Meeting Customers’ Expectation is Key to Success

There is a never ending debate regarding whether it is a better business strategy to offer a limited or wide range of products. Consumers are familiar with the success of McDonalds’ which to a certain extent hinges on its limited menu selection. On the other hand, there are many success stories of outlets which thrive because of their offering of a wide range of products. The extensive selection of crepes of this outlet at Takeshita Street in Tokyo in the photo above is a good example of this strategy.

For a would be entrepreneur thinking of starting up a business, the choice can be baffling. Both strategies have their pros and cons. For a fast food outlet, the decision could be made that convenience, quality and value are of utmost importance in narrowing down the range of products. Convenience could be in terms of product delivery time. Quality could be on the consistency of the product and value could related to the price charged for it. For an outlet making crepes as an example, the decision could be based on offering customers a wide selection to entice them in the first place. Since the crepes are positioned as an impulse purchase,  the likelihood of someone eyeing a suitable selection is higher with a wide choice given.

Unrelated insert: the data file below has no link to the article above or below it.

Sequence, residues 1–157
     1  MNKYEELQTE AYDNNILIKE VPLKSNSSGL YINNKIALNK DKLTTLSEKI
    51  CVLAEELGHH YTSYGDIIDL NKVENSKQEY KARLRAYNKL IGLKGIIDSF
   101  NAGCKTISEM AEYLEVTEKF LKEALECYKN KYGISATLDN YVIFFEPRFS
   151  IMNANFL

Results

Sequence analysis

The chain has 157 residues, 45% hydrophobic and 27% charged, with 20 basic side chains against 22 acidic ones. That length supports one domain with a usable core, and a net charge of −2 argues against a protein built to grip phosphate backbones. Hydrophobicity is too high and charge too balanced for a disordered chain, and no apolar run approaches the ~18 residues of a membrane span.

At the end of the day, the correct strategy would be to meet the customers’ expectation. In going to a fast food outlet, a customer expects to have a consistent quality burger at a reasonable price while not waiting too long for it to be ready. As for crepes, the customer expectation is for the outlet to have the toppings that he or she wants. If the outlet does not have the desired toppings, the customer may or may not make a purchase.

Thus it would be useful for the would be entrepreneur to put himself or herself in the shoes of the customer. Ask yourself the reasons why a customer would want to make a purchase from the business. There are likely to be a host of reasons. Rank them to find out the key decision points for the purchase. Then ask yourself whether it is a better strategy to excel in the top three reasons or just be good in all the reasons. As in most things, you can’t excel in everything so be realistic. Sometimes, trying to excel in one reason could result in pulling down another reason. For instance, in trying to offer quality ingredients, it may become more difficult for you to offer low prices. In such cases, one has to analyze the importance of both reasons and give priority to the more important one.


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